If you followed the career of author, chef and producer Eddie Huang you know he’s brash, hip and unapologetic (Photo by Gary Stevens).
So when a TV reporter opened Fresh Off the Boat’s press panel with a question about chop sticks, Huang didn’t hesitate to confront him, reports Deadline.
“I love Asian culture. And I was just talking about chopsticks, and I just love all that. Will I get to see that, or will it be more Americanized?” the journalist asked.
“It’s more about chopsticks,” said the sarcastic Huang whose memoirs the show is based.
Huang has not minced words about the highly anticipated series. As Deadline put it”
“The network has sentenced this show to death by time slot — Tuesdays (beginning Feb 10) against CBS’ NCIS, after a launch on ABC’s plum Wednesday night comedy lineup (Feb 4). So Huang, a master of self-promotion, had ginned up major controversy about the show on the eve of its presentation to a couple hundred journalists at Press Tour.”
In a piece in Vulture, he questioned how producers had interpreted his book and pushed for more authenticity. He also questioned why an Iranian American, Showrunner Nahnatchka Khan, was writing it.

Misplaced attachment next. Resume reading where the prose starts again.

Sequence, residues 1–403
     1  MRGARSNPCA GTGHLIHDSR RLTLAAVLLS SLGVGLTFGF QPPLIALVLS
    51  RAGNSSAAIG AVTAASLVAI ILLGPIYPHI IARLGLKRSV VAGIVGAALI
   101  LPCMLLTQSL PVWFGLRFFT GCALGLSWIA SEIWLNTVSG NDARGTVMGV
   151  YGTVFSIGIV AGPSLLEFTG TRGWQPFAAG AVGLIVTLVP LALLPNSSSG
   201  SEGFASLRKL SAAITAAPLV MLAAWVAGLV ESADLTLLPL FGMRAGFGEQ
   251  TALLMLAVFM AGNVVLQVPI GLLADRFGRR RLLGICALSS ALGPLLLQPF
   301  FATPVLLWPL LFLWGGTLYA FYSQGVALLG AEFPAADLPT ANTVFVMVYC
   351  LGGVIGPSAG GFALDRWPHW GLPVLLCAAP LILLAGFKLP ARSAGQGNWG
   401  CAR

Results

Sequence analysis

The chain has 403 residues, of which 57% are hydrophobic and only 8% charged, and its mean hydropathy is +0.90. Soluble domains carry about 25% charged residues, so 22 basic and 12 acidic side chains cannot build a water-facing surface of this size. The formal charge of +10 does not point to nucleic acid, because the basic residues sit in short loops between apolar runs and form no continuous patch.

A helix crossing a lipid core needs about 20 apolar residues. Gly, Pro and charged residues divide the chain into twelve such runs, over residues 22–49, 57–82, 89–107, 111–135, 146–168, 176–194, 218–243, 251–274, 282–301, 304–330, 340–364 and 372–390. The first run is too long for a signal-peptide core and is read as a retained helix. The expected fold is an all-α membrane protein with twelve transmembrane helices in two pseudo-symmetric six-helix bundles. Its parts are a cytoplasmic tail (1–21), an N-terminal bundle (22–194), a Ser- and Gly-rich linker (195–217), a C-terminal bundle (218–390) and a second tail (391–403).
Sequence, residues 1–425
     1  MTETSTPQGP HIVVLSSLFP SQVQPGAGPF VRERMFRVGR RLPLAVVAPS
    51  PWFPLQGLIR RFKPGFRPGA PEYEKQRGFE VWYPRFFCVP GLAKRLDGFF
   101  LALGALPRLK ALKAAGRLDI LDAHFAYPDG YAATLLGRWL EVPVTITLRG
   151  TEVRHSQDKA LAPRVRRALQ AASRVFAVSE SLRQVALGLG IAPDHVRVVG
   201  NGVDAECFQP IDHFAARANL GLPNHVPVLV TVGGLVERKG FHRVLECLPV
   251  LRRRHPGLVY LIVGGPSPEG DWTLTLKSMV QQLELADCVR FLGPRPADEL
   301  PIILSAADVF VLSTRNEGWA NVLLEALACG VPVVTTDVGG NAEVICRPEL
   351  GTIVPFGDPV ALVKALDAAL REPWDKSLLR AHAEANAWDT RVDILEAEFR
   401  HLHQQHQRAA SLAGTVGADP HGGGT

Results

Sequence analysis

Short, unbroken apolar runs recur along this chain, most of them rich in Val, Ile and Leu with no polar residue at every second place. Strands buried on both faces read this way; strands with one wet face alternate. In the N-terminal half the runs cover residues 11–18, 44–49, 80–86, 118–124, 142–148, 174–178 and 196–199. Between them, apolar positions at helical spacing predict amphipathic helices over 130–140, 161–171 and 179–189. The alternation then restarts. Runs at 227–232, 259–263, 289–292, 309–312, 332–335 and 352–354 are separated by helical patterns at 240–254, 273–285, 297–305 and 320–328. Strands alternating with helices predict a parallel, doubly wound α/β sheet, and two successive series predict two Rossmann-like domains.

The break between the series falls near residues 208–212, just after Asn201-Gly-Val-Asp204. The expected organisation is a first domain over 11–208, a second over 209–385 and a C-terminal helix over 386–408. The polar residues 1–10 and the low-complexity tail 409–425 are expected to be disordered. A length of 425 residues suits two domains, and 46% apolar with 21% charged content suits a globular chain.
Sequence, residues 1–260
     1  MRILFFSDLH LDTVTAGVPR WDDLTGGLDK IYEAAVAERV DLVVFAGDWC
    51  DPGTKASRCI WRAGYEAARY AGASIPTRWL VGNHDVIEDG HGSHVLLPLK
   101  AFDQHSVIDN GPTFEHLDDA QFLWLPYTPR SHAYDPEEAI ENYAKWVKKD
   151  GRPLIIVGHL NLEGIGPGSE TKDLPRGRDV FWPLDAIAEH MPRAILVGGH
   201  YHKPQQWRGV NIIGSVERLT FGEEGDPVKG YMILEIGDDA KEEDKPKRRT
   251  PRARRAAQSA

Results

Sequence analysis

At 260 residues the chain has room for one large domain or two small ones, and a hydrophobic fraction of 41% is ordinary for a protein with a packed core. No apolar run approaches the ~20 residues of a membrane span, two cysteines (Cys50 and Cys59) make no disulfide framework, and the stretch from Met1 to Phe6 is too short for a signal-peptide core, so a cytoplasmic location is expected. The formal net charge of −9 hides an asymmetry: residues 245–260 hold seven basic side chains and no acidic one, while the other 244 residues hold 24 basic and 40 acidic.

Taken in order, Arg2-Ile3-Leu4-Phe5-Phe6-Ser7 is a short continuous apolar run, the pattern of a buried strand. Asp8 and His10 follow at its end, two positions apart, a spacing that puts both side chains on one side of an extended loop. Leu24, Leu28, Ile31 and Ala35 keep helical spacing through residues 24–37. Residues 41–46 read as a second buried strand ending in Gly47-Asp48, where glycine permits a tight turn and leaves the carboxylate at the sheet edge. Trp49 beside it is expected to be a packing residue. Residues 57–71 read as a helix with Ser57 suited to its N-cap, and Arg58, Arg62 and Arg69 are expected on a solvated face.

But during the press tour, he was quick to make clear he supports the show and considers it historic. TV Line quoted him as saying:
“I absolutely feel like we should have more writers of Asian American descent in the writers room. But I do not debate Nahnatchka’s ability, at all, to do the show.
“It’s important, for me, to have a qualified support for this show — makes sure this show stays authentic to the book and people of color in general,” he said.
As for Khan, she understands where Huang is coming from, but stresses she can relate universally to the themes in Huang’s story.
“For me, I related to this when I read his memoir. The specifics were different to my growing-up experience. What I really related to was the immigrant experience. That was my access point.”